by Greg Thielen


Food For Thought Denver has added a couple of new schools to our list, and we couldn’t be prouder of this amazing partnership and all the possibilities working together is going to mean for our future. Let’s dive into each school.

South High School Food Bank

South High Food PantryChildhood hunger is not limited to elementary school students. Thousands of high school students across Colorado face food insecurity issues every day. At Denver’s South High School,Food For Thought is helping needy students deal with these problems. Last year Food For Thought opened the South High School Food Bank. The Food Bank is open every Friday afternoon during the school year from 2:50 to 3:45. Students are encouraged to fill a bag (or two) with food from the Food Bank shelves. Initially only 10-15 students took advantage of the Food Bank when it opened in November of 2015. Now between 75-90 students come to the Food Bank every week. The food and personal care items are provided by an extraordinary partnership between Food For Thought, the South PTSA, the South Student Senate, and the South High School community. We have a group of 14 volunteers: parents, neighbors, and friends who give their time regularly to pick up food, stock shelves, and staff the Food Bank on Friday afternoons.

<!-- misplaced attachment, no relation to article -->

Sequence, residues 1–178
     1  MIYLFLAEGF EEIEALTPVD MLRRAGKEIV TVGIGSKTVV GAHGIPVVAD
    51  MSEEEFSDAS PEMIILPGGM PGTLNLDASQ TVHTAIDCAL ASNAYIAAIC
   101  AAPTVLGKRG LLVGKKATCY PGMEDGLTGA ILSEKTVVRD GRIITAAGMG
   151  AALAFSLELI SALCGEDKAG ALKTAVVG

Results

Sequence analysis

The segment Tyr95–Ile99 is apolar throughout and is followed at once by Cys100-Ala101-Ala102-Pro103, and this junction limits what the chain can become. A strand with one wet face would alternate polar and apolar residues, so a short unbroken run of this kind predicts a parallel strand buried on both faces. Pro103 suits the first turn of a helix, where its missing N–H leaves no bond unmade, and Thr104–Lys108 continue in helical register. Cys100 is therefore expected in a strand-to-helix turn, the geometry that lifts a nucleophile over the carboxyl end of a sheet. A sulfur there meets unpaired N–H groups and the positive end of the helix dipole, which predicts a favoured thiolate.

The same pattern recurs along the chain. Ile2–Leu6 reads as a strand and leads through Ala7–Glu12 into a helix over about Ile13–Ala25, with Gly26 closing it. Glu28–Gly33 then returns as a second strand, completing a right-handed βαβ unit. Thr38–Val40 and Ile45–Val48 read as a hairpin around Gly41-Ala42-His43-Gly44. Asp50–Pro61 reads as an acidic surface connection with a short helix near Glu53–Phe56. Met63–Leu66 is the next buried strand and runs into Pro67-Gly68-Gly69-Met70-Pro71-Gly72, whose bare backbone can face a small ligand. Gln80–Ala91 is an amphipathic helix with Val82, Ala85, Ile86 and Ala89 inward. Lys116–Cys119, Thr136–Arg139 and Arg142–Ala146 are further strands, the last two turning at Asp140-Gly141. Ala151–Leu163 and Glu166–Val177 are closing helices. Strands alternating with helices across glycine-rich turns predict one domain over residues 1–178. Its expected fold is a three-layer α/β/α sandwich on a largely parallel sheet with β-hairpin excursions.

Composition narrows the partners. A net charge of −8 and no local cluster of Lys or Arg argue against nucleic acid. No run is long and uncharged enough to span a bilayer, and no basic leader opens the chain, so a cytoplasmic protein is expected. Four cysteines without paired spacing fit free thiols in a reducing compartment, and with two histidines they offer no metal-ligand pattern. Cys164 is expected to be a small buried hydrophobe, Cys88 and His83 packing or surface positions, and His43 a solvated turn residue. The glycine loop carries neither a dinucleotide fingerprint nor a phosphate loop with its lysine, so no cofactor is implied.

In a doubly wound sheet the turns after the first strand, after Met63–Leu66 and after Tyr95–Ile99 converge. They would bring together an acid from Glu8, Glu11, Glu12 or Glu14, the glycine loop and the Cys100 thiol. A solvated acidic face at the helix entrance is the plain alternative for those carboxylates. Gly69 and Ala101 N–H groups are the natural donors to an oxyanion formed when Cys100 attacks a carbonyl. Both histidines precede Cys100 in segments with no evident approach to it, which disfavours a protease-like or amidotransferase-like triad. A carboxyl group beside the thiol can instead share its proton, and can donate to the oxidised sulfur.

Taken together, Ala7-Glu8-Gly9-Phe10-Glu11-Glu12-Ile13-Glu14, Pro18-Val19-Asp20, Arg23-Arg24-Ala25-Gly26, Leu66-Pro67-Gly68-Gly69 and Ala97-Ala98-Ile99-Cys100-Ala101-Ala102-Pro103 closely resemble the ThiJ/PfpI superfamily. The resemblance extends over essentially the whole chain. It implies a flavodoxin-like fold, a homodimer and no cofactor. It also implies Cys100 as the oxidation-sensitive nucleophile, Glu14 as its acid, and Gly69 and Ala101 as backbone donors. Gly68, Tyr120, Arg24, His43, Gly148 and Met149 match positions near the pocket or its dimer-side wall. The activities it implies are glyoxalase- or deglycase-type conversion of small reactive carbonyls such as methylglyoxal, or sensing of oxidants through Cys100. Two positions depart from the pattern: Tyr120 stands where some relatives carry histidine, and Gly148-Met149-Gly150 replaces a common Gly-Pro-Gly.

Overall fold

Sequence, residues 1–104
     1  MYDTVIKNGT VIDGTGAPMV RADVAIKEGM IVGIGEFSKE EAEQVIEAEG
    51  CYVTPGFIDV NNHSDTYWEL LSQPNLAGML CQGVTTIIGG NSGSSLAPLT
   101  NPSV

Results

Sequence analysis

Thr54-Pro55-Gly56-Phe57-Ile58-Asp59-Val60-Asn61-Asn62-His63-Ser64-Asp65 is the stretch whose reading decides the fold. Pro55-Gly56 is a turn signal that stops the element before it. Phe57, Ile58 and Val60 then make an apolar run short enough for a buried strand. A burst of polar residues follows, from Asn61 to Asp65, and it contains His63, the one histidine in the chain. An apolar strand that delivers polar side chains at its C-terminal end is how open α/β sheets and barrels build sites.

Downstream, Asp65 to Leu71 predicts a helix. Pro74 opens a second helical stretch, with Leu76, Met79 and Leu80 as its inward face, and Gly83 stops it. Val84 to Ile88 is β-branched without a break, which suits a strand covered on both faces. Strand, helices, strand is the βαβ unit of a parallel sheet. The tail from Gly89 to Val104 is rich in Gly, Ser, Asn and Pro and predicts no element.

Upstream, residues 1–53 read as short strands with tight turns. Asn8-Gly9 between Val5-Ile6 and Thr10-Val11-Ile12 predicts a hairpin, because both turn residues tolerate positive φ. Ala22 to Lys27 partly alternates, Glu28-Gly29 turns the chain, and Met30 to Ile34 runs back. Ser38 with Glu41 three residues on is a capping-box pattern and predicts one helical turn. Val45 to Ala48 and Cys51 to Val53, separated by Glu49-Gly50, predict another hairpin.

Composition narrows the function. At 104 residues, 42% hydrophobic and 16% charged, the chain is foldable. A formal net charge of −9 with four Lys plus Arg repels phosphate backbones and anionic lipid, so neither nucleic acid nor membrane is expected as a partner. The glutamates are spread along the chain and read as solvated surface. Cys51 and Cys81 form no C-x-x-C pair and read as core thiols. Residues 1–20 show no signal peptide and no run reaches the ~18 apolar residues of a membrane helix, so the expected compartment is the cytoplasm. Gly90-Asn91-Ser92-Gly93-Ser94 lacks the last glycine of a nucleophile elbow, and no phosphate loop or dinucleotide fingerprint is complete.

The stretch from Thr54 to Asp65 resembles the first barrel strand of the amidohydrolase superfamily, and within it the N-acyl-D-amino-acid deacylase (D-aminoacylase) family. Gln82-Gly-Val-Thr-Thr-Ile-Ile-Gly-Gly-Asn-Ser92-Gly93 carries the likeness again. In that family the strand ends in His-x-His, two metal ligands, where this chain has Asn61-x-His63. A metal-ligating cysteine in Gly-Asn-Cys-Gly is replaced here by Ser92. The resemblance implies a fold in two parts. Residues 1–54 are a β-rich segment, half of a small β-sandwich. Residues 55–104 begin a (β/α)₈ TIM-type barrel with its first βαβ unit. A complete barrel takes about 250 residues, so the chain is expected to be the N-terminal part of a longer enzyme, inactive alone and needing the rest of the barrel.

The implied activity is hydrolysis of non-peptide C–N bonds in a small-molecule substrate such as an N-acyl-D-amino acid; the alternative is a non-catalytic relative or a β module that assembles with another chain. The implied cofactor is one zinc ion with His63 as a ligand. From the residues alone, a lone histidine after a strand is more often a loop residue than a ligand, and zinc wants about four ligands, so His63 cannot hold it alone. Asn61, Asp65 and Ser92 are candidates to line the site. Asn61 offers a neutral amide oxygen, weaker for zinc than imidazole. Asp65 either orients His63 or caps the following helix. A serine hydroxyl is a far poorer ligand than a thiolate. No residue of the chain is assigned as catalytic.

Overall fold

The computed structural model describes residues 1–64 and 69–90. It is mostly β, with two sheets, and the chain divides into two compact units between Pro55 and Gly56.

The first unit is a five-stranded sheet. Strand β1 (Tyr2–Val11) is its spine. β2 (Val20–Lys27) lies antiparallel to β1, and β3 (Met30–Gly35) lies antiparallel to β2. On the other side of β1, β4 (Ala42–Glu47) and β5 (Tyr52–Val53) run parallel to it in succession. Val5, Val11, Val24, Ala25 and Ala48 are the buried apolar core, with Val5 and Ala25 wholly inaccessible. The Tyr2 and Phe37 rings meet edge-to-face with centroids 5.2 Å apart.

Our vision for South’s Food Bank is quite simple: “We will ensure that NO South High School students go to sleep hungry at night because they do not have access to food.” We have the will, resources, and support to make that happen.

Ellis Elementary School

Ellis Elementary Child Letter
Arranging weekly volunteers to un-box food, create an assembly line, and fill enough Power Sacks for an entire school is always a challenge. So when Food for Thought was considering the addition of Ellis Elementary School to the Food For Thought family, we looked for a new and creative way to identify volunteers. Each week a team of 10-15 students from Denver’s South High School drive to Ellis Elementary between 2:00 and 2:30.
When they arrive these students join a small team of adult volunteers to pack 525 Power Sacks for Ellis’ students.
Working together the team is able to assemble those Power Sacks in about an hour.
In addition to providing weekend food bags to the Ellis students, the program is important to the South High School community. Ellis Elementary School is a “feeder school” to South.  Some of South students have brothers, sisters, cousins, and friends at Ellis. Some of the Power Sacks are going directly to their community. The weekly Power Sack program also provides a regular opportunity for South students to give back their community and earn community service hours. The partnership between Food For Thought and South High School is unique in Colorado and a potential model as Food for Thought expands to other schools.